Certification fees also play a role. Organic practices are verified by annual inspections, and producers pay, at some level, for certification, including accommodating inspectors and paying for their travel. These expenses, combined with lower yields and increased labor costs, are often not sufficiently offset by the price premiums paid for organic coffee, which are typically around 20 to 25 percent. This can make organic production unappealing to farmers. And since one of the requirements for organic certification is segregation from conventional coffee throughout the supply chain, there are financial burdens for importers, roasters, and other players in the supply chain as well. A portion of all these costs are of necessity passed on to consumers.
I don’t want to minimize the benefits of some agricultural chemicals, or oversimplify the complexities in growing coffee in environmentally or economically sustainable ways. But for decades we’ve been taking a risky gamble with our environment. Other coffee certifications have various restrictions on pesticide use, but only organic (and Smithsonian Bird-Friendly, for which organic certification is a prerequisite) prohibits most of them. There’s no denying that chemicals which are allowed under organic certification may be just as toxic as those that are not, but under organic rules their use is restricted to specific situations.
Many uncertified coffee farms may be considered “passive organic,” because they forego some or all chemical use due to expense or ideology. But unless they are certified, there is no way of knowing if, when, or how they use chemicals, or if they are following the many other essential environmentally-friendly practices that are mandated in organic certification standards. These encompass soil and water quality and conservation measures, and maintaining or enhancing biological resources, including supporting biodiversity.
Obtaining organic certification and fully embracing its philosophy is an enormous accomplishment, especially for farmers in developing countries where resources, technical support, and capital may be lacking. While many organic farms were or are helped by initial grants or other funding, some will require continued effort to preserve and advance organic practices. The coffee industry is in the position to aid in these activities by providing expertise, facilitating partnerships, and encouraging innovation. Larger industry players could help finance initiatives outright, and all front-line coffee providers have an opportunity to engage and educate the public on the importance of organic coffee, the challenges it presents to farmers, and the role of higher premiums in fostering and stabilizing organic production—indeed, helping it to prosper. Organic certification is a commitment to sustainability that deserves to be rewarded with our dollars.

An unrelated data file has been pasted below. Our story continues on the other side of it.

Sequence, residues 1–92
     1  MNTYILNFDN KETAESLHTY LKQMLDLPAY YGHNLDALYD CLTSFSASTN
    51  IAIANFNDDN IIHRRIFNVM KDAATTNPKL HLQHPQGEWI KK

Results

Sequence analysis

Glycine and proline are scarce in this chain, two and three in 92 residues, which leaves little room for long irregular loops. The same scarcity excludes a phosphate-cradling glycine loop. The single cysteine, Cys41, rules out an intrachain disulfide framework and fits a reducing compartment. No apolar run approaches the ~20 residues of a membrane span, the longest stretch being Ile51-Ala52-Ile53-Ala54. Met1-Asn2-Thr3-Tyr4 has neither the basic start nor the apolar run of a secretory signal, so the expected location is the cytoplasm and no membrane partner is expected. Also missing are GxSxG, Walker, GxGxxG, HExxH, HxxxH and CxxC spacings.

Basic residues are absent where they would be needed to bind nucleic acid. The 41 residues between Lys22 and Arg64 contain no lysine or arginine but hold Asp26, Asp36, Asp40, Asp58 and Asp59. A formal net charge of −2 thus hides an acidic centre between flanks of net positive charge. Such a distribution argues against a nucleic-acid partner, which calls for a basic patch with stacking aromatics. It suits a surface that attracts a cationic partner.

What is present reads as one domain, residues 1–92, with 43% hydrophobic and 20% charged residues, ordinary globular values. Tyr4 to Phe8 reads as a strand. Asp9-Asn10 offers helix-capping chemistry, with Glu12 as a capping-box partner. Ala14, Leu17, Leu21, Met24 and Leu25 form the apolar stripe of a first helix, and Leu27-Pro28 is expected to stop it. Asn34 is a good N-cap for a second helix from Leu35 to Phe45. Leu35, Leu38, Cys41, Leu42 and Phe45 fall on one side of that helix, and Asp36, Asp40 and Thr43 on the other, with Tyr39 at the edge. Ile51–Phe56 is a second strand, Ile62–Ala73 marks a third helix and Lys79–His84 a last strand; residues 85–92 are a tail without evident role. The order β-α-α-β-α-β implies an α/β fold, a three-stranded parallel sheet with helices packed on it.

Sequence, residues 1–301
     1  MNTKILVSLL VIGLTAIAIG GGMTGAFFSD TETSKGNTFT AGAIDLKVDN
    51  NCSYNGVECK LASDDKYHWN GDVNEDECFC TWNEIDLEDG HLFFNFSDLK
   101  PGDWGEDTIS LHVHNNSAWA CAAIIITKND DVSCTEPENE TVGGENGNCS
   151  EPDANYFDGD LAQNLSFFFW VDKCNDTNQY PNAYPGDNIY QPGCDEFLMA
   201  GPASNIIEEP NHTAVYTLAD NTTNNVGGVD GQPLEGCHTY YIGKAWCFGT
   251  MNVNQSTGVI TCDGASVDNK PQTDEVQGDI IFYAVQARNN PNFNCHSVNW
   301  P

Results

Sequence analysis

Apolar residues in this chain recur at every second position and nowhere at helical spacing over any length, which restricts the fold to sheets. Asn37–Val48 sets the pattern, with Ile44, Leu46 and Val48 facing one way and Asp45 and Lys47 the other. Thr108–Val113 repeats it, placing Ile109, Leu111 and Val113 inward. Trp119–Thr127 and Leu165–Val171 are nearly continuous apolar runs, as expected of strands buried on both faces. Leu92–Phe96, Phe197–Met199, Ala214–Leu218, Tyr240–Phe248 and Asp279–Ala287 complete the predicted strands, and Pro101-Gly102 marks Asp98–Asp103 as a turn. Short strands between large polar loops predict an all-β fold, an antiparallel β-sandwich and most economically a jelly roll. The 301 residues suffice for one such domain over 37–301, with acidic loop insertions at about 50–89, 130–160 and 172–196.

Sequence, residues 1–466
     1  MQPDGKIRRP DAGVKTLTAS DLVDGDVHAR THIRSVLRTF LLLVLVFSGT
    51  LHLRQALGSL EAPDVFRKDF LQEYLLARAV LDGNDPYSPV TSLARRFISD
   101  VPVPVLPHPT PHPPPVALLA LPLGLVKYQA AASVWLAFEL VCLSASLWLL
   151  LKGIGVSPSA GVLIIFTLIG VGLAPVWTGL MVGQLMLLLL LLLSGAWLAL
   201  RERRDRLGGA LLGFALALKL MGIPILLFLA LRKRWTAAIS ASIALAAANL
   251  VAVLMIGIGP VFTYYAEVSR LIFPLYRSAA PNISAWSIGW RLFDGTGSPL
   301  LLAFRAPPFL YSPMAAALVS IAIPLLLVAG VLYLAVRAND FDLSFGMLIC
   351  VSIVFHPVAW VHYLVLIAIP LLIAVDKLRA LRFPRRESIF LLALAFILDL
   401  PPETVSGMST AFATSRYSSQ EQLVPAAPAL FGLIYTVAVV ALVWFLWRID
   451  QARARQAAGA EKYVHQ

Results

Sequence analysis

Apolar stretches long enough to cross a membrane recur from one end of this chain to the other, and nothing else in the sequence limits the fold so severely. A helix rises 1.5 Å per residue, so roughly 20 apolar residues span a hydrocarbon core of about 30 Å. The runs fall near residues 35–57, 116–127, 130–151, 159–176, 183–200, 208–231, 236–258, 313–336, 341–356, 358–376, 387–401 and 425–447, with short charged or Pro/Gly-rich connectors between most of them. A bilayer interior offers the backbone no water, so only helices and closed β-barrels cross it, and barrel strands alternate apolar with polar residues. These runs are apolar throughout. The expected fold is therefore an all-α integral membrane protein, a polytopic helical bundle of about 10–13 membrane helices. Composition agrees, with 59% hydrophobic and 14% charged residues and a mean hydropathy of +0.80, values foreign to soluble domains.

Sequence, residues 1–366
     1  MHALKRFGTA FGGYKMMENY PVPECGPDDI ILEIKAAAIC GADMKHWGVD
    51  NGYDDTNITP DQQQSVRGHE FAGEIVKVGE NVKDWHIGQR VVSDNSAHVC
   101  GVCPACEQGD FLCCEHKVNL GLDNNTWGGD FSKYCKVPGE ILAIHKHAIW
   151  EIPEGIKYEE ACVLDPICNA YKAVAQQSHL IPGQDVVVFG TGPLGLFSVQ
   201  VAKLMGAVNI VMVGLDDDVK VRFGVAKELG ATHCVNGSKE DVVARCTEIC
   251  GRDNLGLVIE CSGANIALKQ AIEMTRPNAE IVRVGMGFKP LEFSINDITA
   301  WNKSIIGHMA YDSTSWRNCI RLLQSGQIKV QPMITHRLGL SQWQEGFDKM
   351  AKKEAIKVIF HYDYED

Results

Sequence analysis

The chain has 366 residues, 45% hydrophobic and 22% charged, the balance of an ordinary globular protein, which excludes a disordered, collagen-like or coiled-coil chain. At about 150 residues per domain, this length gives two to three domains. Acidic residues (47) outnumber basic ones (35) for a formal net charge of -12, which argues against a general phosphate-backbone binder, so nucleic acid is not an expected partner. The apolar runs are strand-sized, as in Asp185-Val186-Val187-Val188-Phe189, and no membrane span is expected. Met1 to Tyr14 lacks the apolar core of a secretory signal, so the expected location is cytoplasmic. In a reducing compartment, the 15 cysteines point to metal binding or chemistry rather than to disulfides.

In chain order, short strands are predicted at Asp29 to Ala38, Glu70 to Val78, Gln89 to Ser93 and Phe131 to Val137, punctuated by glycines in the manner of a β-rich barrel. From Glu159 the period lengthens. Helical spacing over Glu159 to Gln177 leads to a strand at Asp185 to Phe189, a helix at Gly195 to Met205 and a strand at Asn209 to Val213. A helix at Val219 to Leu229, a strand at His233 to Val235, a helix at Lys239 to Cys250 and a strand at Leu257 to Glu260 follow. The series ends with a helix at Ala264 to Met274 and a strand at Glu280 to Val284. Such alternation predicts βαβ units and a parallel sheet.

A Short Primer on Organic Certification
All organic agricultural products sold in the U.S. are regulated by the U.S. Department of Agriculture’s National Organic Program, and must adhere to their standards, whether produced in the U.S. or not. Organic certification excludes most manufactured pesticides, herbicides, and fertilizers, but does not mean chemical-free. Some natural as well as synthetic substances are allowed, typically because they are less toxic, break down in the environment faster, and/or do not contaminate soil or water, and can only be used in specific circumstances. Other requirements include no use of prohibited substances on the land for at least three years (during which the land is considered “in transition” but crops cannot be sold as organic), a buffer between any crop not grown organically, and a plan that demonstrates methods the prevent erosion and other sustainable methods. The use of the USDA Organic seal indicates a product is at least 95 percent organic unless 100 percent organic is specified. Coffee is a single-ingredient product, so a bag of organic coffee is 100 percent organic beans.
Julie Craves is an ecologist at the University of Michigan Dearborn, where her research focuses on migratory birds. She has traveled to several coffee-producing countries and visited a number of coffee farms where she and her husband have conducted ecological surveys. She writes about the connection between coffee and biodiversity at Coffee & Conservation (coffeehabitat.com).